Northwest Arkansas Times from Fayetteville, Arkansas on April 12, 1952 · Page 5
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Northwest Arkansas Times from Fayetteville, Arkansas · Page 5

Fayetteville, Arkansas
Issue Date:
Saturday, April 12, 1952
Page 5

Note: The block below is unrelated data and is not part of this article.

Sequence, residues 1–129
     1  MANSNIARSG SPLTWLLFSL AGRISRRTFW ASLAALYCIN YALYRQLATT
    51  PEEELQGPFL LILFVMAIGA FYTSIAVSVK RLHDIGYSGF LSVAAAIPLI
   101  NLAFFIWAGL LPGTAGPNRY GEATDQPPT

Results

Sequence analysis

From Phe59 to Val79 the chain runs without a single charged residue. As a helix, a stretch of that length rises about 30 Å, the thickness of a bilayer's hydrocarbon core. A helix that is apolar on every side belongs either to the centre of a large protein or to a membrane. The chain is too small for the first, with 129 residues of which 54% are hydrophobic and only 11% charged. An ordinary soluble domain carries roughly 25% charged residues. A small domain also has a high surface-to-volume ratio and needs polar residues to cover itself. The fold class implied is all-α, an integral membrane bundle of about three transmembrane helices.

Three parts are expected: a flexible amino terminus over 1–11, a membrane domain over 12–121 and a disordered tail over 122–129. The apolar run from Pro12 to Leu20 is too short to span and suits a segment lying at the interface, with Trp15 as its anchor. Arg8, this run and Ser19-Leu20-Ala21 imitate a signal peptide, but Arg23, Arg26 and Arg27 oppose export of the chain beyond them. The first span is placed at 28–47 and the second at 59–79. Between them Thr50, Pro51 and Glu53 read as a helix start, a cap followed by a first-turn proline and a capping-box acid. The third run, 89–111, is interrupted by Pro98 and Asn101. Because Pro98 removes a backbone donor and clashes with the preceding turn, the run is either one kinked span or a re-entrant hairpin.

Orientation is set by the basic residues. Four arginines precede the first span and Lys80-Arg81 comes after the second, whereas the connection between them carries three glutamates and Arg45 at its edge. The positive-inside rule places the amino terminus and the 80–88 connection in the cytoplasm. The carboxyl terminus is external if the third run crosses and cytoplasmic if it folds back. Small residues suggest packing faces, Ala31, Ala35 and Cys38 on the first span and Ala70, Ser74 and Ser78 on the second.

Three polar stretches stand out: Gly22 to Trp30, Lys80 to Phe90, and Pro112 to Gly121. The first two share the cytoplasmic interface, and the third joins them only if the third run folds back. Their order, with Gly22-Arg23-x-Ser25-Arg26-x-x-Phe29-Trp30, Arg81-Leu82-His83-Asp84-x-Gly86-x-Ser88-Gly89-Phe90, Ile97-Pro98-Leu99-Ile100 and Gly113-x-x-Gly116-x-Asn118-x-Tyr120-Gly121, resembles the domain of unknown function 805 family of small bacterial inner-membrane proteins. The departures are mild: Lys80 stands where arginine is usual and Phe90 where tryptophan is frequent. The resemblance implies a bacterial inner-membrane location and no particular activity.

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Helpful Hints On How To Be An Average Golfer ^^^^MBBgy^-Atf3.^--T-.7C77, . ; «.-v.i'.-i.'. I ·»··---».·--^-----^-- . ^y._ __ . . . . _. .. NOtTHWIlT ARKANSAS TUNIS. teyenevMo, ArfcwMM. fcriurrfoy, April 1], 1H1 i No. 1: Getting started on the game of golf naturally entails rounding up the needed supplies for the trip around the course. Clubs and balls (you can generally count on borrowing all tho tees needed) and '. a bag are tne essentials. Sunburn oil, , sandwiches, cigars, umbrella, snake bite kit, etc., can be added as the amateur progresses. But these things are not the unsolvable problems of the game. In order to play the sport properly a knowledge of fundamentals is v i t a l . Of almost equal importance to a good swing arc the grip and the stance. Concerning the stance there are rules pertaining tu the placement of the feet in relation to the ball governed in each case by (He dub being used. These rules are readily obtained from any good golf book, but apply only to lies in the fairway. What happens when the ball is pent skittering or flying into the deepest recesses of the rough? At that point all the patent rules go out the window. When the ball lands in waist-high sedge grass, in the bottom of a ditch, ·gainst a tree, or between a rock and a hard place there is no help from any of the illustrated golf lessons . . . the pro has no word of advice. To follow normal procedure for taking a stance, in the illustration above, would likely result in a quick call for the ambulance. But the situation is Bot too difficult. Confidence is important. The thing to do is use a club with high lift, use a short grip on the club and a short hackswing and make sure you get the ball back to level ground. Such a maneuver will cost you one stroke, but accept this calmly, sure in the knowledge that your opponent will soon set in the same shape and is likely to lose two strokes. Notice firmly planted feet. No. 2: Of equal importance to the stance is the grip. There are two kinds and both are essential to the game. In the first place ,, it is impossible to swing the club properly ,S,o that .the force of the clubhead is imparted to the ball without correct hand action. The body, arms and eyes all play roles in the execution of the good swing, but the hands arc the controlling factor. Secondly, the golfer must maintain a jjrio upon himself during the course of his play or he will soon discover he has no one to play with. Trying though it may be at times the average golfer should make cert a i n at the outset that he has a good grip on both the club and himself. In the above picture the importance of both these grips is well illustrated. Knowing how tn grip the club can be very important when introducing a friend to the game. It can serve as the foundation for a fine friendship And keeping a grip on one's self under such circumstances is readily apparent. Notice the placement of Jliss Betly Lu George's hands on the club. The right hand is overlapping the left, and the right hand fingers are maintaining a firm, but not tense, grip on the club. The left hand is holding club with the fingers prcwing the handle against the heel at the hand and also is firm but not tense. The overlapping of the right hand tends to make the two work as a single unit, with the right pressing down on the. left giving extra security to the left hand grip. The left hand is the master throughout the swing. Notice in the picture that the "V" formed by the thumbs of both hands point toward the right shoulder. The teaching technique here is, of course, basic. No. 3: The secret of using long- irons is to use them only on short shots where the ball needs to be kept low. A common f a u l t of the. average player is his insistence on using- r, two or three iron when he should be using a wood club. The wood will give bettor direction, distance and satisfaction on partially missed shots than the iron on most occasions. However, when finding the ball within 150 yards of the pin and situated under or behind tree limbs, the long iron is an invaluable tool. Here the secret is in a short backswing, careful attention to hitting the ball firmly and a conscious effort to hit the U,u ealt/y. 1/ie long irons are also valuable in fishing balls out of water hazards and muddy spots, in killing snakes and in practice swings using walnuts. For general use, if the golfer is completely without confidence in his woods. and needs a 200-plus yard shot to reach the green the long iron Is alright providing the golfer is willing to "swing easy." Trying to over-power a long iron is futile. If the urge to kill Is too strong then select a four or five Iron and.sacrifice a little distance. Always remember that losing- one stroke is'-better than losing two. That single thing will win many a golf game. In the illustration above the golfer (nearly upright object in background wearing cap) is faced with a delicate shot between and under a pair of !ar;r; tree.'. Th* £r»cn is only a matter of a hundred yards 'or'.so away, but the shot must br kept low, The golfer is getting ready to hit a three-iron through Ihe treos, and the things he shou'd remember are to depend on wrists and concentrate on dlrc:-tlo:i. Look What They're Wearing TJiis Easter (Editor's note: Albn Gilbert, Jr., author of the following article on golf, is well qualified in discuss the problems thai confront the jtve.rafic golfer, having been an average golfer himself Inr almost 20 years. As a hobby Mr. Gilbert started collecllni! bad shots many years HRO and now has one of the finest collections to he found In the state. His discussion heir, is therefore completely a u t h o r i t a t i v e based upon personal and sad experience.) By ALLAN A. r.ll.BKRT, JR. This is the season o( red-bud and dogwood, of sudden rain and ^unny afternoons with f r e s h leaves and flowers and lazy to staggering breezes from the south, it's spring. Coincident with this season !lu: sports department of a newspaper ;s subject to a deluge of syndicated features designed to Improve the golf game of tnc reader. This spring we have received detailed and exhaustive treatises on gulf Irom Hobby Locke, Ben Hogan and an assortment of others. And in the past we've had a series authored by v i r t u a l l y every member of the Professional Golf Association. We've pondered and pcrusud features with an eye to their worth lor the average golf playing reader. It cannot be contested the men writing these features know their business. They know how to play golf and they know that most golfers are always w i l l - ing to try something that might possibly save them a stroke ur two. But how many colters ever benefited from sum vicarious lessons? Few, we'll wager. And the reason for this, we believe, is I that a consumate pro explaining his system to the average hacker is roughly comparable to Albert Einstein giving a course on the theory of relativity to a nursery school class. i-ro.cssionals like Sam Snrad, Hogan and Locke offer the aver- \ sons o w n i n g a set of cluhs) needs age golfer a lesson in par or bet- I to know is how he, as an indl- ter golf when the student has l i k e - 1 v i d u a l , can help his own game ly never scored w i t h i n 20 or 30' with his own arms, legs, clubs, strokes of that figure. Teaching; menial blocks and idiosyncrasies such a person to hit a two-iron j --not how Hogan won the Open. 220 yards to the Din is as i m - 1 With that in mind we offer to- probable a proposition as e x p l a i n - [ d a y a series of pictures and text Ing some of Einstein's equations to designed to meet the problems of ' IT'I MOSTLY THI NAT thit citcliei probibly ir «t church. Designers · the eye In i womin'i E»t«r eoxumt, and here »rt liven itylei you'll. re Lilly Dache. Keneth Hopklnit and Slmone Mlrman. r'nfirnatkmaU . a first grader. } What the overage golfer f i n - ! eluding three of cvrry four per- j the treat majority of irregular participators at gnlf. We promise to shave 10 or 15 strokes from your game this spring, tit course If you Insist on playing more than six holes the deal is off. One last word: Before plunging Inlo the pictures and text of today's lesson fix firmly in mind three t h i n g s -- ( I ) use the left hand an the controlling factor In the Hiving at all! tiroes; (2) constantly work «t coii- trolllnj! the impulse to swing bird;,' and (3) whatever else you do, have f u n . · Our thanks In extended to Fay- ettcvlllo Country Club pro Botr Zander, for technical advice; .to Mlts Betty Lu Georje for delay?. Ing a dental appointment Ion* enough to' help out; and t» Ed. Pu»k». photographer, for hli excellent ndvlcc »nd len« work. ' ' Weekly Classified Business and Professional Directory EMERGENCY TELEPHONE NUMBERS CITY HOSPITAL Phone 1200 OAS. Ptione 2160 ACCOUNTINO-MOOIKN ·UIIN1II COURtlO · CITY WATIR PUNT. Phono 721 LIGHT AND POWIR. Phono 2200. MUTUAL MM. Phone 73 POUCI. Phono 9 TRAIN FOR CIVIL SIRVICI JOU SECRETARIAL -- STANDARD COURSES FAYETTEVILLE BUSINESS COLLEGE FAYETTEVILLE. ARKANSAS PHONE II H. O. DAVIS, PRES. AUTO BLAH · No. 4: The short irons are extremely important to the Average golfer's game. W i t h the short irons he can make up for a poor drive or a poor second shot. With the exception of the putt it is the most important shot in the game for the average golfer. The professional instructor seldom docs more than mention this phase of the game for it is of minor importance to the par- shooter. But for a Sunday afternoon player the short shot is often the difference between a good round and a bad one. Here confidence is the important thing. There is no one way that is best. Putting hackspin on the ball is fine for pros, but there are a lot of good players t h a t play for and get a running shot. "This phase of the game needs practice more than anv other. The average golfer should try and get some practice on this type of shot. The key to the shot is the ability to swing the same way every time, which automatically controls direction. Practice will help in judging distance. One common fault is constantly trying to correct a push (or pull) on this shot. If pulling (or push- Ing) Is natural, do it that way all the time. In the above illustration a nine-Iron pitch to the green Is being made. Notice the manner In which the club is driven down Into the ground and notice that the golfer to looking up following the hall's flight. Confidence In stroking the ball is paramount to success on this shot. Contrary to the above picture a follow-through Is de- firahle. In the nhove pose our golfer got rnught al. what if commonly referred tr «s "iteam shoveling the ball." AUTO GLASS « MIRROR SHOP Automobile Glati Instilled GUii Tsblu -- Plait Glsii -- Mlrron Mirror Raiilvering, Clan Furniture Topi ALL WORK GUARANTEED 119 West Meadow. Phone 2720 ·UTO MIPPtlM i FAYETTfVILLE AUTO SUPPLY It EAST. MOUNTAIN FAVEVTEVILLt, ARK. FHONE 774 , Crankshaft Orlndinf Meter RebulMInt Parti For All Can and Trucht SINES BODY SHOP Specialising In Bodr and Fender Work. Painting. Saietr Olm, Upholstering. Seat Covers. 227 W. Ditkion Phone 196 CLIANIM * LAUNDRY CITIZENS LAUNDRY DRY CLEANERS Quality -- Service 326 N. W«r Phont 2146 Delia (TORI- No. 5: The most important of all golf shots is the putt. Almost anybody uses the same stance and stroke in putting and there arc many thousands of strips designed to help hit the ball into the hole on the green. The chief point of similarity in the average golfer's technique with that of the other members of his foursome is his ability to miss the hole. In a round of golf on a par 70 course, perfect play calls for two putts per green or a total of 36 strokes. That is over half of the grand total, which the importance of this stroke. Here again, practice is important. A good rule for the average golfer Is: work on doing the same thing every lime. That gives a focal point of concentration and concentration is the key to good putting. A little experimenting before every round will indicate a tendency to push, pull, hit too hard or too easy. The thing, then, Is not to clutter up the mind with h«]f-a-dn7.en things to correct on each stroke--rather, try to make the same mistakes with consistency compc.n!0lin« through f o o l placement for tho errors In direction. In the above picture the golfer is shown expressing confidence at he Indulge) in thi second step of the four accepted stages of putting: ( I ) line up hall with hole from every angle; (2) upend considerable time getting stance and grip properly adjusted; (.1) hit hall w i t h indecisive jab; (4) slcp back nnd wnil until its your ti O. 6: The most drastic and sclf-saliifyinK thing in golf is the long, soaring fhot. On the tec the golfer is consumed hy an overwhelming urj?e to blast the bull'as near to 40n yards as possible. Since there is little use rontrollinif this urge for the avcraRC player (who nets as much satisfaction out of t a k i n g a micht.v swipe at the pellet as he would in h i l l i n g It cleanly) we'll let tnat so. However, since the golfer's ego is clofcst to thr surface on the tec, it is well to take into consideration the advire given by the pror. Here Is the chance to copy that loose-jointed and flowing swing of the game's long hitters. Of course the odds against the average solfcr connecting- properly using Ihe professional swing and a primeval urge are astronomical. In the picture above Ihe golfer Is shown on his follow-through. He is relaxed, has followed all Ihe lessons he can remember from Hogan's "Power Oolf," and Is confident in his appearance. Hut notire the hall. In his efforts to keep all 20 things t h a t Hogan does In mind the golfer nrgleel« to hit the hall. This coulrt happen to you. The only way to correct It is to s t n r t ' o t i t say- Ing you'll hit the ball, f i r m l y hut not too hard, «nd work Irom there. (Notice the shirt, shoes and cap. Oolf In becoming * same where sartorial excellence Is ranked on « par with par). Notice the different riirecllons the golfer and the lady In the background sre iooklnj. They nre eearrh- Ing for the bull which actually only rnllfd several feet off the tee. It should he pointed oul t h a t Inriy caddies lire not used extensively in the South. Miss (leorirr Is a t t e n d - ing I K e cluhs as ;i favor in order to liven up Hi" ."Tilery. Phon* 177 Complete Drug Store Service, 'ret Delivery from 7:30 A. M. to 10:00 P M PALACE DRUG STORE Walgreen Agency ,.,.. . . o ·{.,,.,,,,,,,,. Ark 422 Dickion SI. WishiRgfon County Fimwn MuhMl Fire Insurmci · Organized 1922 1952 will be 200th Anniversary of Mutual Insurance , Phon. 180 209 North Block Street . tw» iTANe ----·--«SSS^SSSSSSS--i»»MM» CARMEN'S NEWS STAND IFormtrlr Fowler's Frull tnd News Itsndl "THE BIG LITTLE STORE" i n FAYETTEVILLE it ' · · . . 411 WEST DICKSON PHONE IN JOHNSON PLUMBING AND HEATING CONTRACT Of REPAIR Corner Spring and School. ' Phono 10*0 "· 1 turn gga ^""~'''^ . HARRY'S RADIATOR SHOP Let Harry inspect rout ciwllna rt«n tnd ncondUlea rout radiator let wlnttr weather. New cores Installed. M,A r. E i 8T u2 r MO "TCOMERY WAHD TIRE SHOP "· MM E. Rock SI. p hen , U |4 WALKER AUTO SERVICE COMPLETE SERVICE FOR ALL CARS *B*kr" Wheel Alignment Wheel BsltcclBg FRAME AND AXLE STRAIGHTENING 113 S. COUEOE, ARK. PHONE 772 ·MO* ero*i ·MOCIRT LAND'S GROCERY WE DELIVER "tight on fh« Hiway--Right on th» Price" PHONE 1212 (00 N. COLLEGE JIWILKV Also LOANS LICENSED PAWNBROKER ROCHIER'S JEWELRY SOUTH SIOI SOUAM IIQUOM- llONt · SAM'S LIQUOR STORE Up-To-Ooft Foytrfcvjf/o'i i. Movntota U1 . Man- FAYETTEVILLE MILK CO. PASTEURIZED - HOMOGENIZED INNotlk Won IN PEERY SIGN AND ELECTRIC SIGNS - NEON - ELECTRICAL WIRING i 1-DAY SERVICE ON NEON REPAIRS ^ FREE ESTIMATES ON ELECTRICAL WORK 132 SOUTH SCHOOL PHONI )M1 T««l MftVICI* ·**· DICKSON 0-KTAXI CO, I Our Cabs are now Mtilaa** wWi-Ii Redlo to five you better earHee. Prompt Text Service' Oett Th. Ntw ROYAL Family cm h* Y»oj it typing to) do. Now iloctrtt. Now SMmferd. Now ·irloti ALEXANDER TYPEWRITER CO. ·ALES PHONE Ml -